A decision released by the FCC’s Media Bureau staff this week makes clear that the permittee of a noncommercial station, who was awarded the permit based on a 307(b) preference, cannot change transmitter sites so as to abandon service to the area that it promised to cover in order to get the preference –
Last month, the FCC released its proposal to restrict the movement of FM stations from rural areas into larger markets (which we summarized here). The proposals that the FCC has put forward would greatly restrict the ability of broadcast owners to move stations to cover larger population areas – in many senses reversing the decision of the FCC just two…
Rural communities – do their radio stations need government protection? The FCC seems to think so, proposing a series of new rules and policies that restrict the ability of the owners of rural radio stations to move their stations into Urban areas. These rules would make it harder for entrepreneurs to do “move in” applications – taking stations from less populated areas and moving them to communities where they can serve larger populations in nearby cities. The Commission states that it is making these proposals to attempt to live up to its obligations under Section 307(b) of the Communications Act to ensure a “fair, efficient and equitable” distribution of radio services to the various states and communities in the country. While this may be a noble goal, one wonders if it is a solution in search of a problem. Are there really rural communities that have an unmet demand for missing radio services – and which can economically support such services? And do these proposals conflict with other goals of the new Commission, by effectively decreasing the opportunities for minorities and other new entrants from acquiring stations in major markets – by taking away move-in stations that are often the only stations that these broadcast station owners can afford in urban markets? These are questions that the FCC will need to resolve as part of this proceeding.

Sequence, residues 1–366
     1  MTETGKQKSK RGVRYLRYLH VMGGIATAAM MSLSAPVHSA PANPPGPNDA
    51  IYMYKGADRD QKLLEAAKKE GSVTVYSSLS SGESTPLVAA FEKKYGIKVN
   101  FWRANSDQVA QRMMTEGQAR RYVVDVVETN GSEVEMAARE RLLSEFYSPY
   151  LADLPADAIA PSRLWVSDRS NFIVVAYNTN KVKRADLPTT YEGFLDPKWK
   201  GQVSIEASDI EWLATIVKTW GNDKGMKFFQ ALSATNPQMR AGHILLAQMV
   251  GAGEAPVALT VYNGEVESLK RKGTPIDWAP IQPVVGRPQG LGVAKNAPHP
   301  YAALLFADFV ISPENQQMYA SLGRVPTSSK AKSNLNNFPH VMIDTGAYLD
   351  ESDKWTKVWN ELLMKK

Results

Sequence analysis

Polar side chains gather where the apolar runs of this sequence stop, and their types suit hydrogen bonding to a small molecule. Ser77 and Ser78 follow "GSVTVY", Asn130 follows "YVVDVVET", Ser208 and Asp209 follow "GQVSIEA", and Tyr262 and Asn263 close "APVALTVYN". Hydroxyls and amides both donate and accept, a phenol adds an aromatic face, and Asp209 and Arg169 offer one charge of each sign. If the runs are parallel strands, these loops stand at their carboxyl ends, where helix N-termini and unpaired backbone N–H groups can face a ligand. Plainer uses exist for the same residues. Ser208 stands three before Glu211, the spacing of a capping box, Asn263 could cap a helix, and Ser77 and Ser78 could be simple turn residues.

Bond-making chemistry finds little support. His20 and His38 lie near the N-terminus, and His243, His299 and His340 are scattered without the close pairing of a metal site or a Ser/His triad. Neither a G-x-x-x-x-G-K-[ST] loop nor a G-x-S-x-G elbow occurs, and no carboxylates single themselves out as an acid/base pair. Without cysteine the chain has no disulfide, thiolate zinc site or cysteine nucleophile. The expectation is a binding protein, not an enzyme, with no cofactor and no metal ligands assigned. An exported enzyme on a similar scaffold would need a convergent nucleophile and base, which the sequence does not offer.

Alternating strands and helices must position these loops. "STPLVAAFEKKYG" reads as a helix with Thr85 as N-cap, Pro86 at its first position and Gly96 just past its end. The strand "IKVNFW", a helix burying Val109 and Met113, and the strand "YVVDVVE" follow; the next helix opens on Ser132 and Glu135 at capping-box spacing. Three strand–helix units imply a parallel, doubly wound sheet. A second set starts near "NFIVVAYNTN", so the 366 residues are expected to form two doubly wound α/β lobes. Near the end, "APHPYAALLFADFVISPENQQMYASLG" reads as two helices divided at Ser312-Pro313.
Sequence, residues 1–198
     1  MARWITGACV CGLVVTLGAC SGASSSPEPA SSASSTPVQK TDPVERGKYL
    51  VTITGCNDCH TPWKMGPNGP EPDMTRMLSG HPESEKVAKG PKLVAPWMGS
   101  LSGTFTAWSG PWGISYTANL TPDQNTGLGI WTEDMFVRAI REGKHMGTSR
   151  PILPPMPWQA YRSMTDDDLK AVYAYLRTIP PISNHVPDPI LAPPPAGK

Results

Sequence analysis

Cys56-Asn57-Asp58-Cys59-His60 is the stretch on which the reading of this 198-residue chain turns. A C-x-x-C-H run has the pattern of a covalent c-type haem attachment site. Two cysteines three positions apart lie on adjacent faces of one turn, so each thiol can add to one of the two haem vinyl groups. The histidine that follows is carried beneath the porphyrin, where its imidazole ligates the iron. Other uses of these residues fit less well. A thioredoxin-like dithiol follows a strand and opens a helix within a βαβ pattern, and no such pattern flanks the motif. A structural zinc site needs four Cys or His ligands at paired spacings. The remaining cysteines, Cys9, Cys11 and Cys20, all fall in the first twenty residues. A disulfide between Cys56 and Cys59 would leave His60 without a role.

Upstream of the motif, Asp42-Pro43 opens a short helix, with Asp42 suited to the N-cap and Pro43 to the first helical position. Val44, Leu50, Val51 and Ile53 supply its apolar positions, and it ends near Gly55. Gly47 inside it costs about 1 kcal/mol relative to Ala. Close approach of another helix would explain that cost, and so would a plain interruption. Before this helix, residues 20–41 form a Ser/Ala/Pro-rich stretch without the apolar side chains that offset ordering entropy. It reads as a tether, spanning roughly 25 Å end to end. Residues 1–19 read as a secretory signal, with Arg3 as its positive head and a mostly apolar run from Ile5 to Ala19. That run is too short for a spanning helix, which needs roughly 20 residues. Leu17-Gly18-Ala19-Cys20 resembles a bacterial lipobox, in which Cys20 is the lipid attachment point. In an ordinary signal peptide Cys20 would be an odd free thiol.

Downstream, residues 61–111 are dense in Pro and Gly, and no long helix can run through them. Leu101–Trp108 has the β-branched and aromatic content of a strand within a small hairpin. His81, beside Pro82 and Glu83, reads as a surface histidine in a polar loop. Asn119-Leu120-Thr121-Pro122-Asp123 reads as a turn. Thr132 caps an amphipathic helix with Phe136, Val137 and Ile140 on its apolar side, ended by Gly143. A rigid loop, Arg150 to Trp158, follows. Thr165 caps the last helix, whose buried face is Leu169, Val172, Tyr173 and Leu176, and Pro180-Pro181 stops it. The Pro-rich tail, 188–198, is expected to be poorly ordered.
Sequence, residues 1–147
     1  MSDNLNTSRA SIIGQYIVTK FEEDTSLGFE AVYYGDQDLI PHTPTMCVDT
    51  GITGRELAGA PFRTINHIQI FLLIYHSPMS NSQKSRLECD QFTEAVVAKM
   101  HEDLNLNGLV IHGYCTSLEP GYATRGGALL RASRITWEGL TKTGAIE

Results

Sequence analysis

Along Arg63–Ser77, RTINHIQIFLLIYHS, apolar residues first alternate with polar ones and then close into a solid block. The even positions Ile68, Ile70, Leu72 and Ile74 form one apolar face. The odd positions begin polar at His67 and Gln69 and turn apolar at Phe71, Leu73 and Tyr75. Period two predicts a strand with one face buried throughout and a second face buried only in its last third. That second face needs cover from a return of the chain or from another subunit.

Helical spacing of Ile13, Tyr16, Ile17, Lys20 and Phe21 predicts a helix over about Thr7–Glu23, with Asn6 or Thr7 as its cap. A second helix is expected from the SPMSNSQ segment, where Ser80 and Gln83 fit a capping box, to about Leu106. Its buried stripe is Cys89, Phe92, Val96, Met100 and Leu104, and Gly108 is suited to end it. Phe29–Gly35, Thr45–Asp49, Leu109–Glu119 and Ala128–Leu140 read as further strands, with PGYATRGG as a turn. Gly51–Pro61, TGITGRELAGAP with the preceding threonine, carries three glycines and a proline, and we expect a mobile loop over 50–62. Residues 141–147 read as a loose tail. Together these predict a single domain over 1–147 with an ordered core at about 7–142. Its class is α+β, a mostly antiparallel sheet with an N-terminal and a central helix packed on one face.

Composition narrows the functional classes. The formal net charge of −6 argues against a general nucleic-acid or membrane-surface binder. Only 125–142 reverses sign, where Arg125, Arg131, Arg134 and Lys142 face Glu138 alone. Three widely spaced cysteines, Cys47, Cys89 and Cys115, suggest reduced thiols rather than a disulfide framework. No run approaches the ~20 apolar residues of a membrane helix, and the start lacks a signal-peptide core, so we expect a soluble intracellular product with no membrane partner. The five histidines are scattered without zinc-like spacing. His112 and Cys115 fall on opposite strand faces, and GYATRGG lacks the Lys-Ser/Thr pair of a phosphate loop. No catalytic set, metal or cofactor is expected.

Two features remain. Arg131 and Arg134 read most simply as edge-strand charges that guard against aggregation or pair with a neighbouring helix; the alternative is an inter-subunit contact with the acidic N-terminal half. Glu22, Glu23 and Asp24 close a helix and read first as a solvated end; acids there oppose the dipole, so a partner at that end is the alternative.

A Section 307(b) analysis is done by the FCC when it faces conflicting proposals, specifying different communities of license, for new AM stations or requests for new FM allotments. It is also required when an applicant proposes to move a station from one community to another, as the applicant must demonstrate that the move to the new community would better serve the objectives of Section 307(b) than would the current location of the station. In the past, the 307(b) analysis looks at several factors, or “Priorities.” These include:
- Service to white areas – when a proposed station will serve “white area,” an area where residents currently receive no predicted radio service (no “reception service” in FCC parlance).
- Service to gray areas – when a proposed station will serve areas that currently receive only a single reception service
- Provision of a first local “transmission” service – where the proposed station will be the first station licensed to a particular community, and thus the first station that has the primary responsibility to serve the needs of that community
- Other public interest factors – usually meaning which proposal will provide the service to the most people (with service to “underserved areas,” i.e. those that receive 5 or fewer “reception services,” getting somewhat more weight).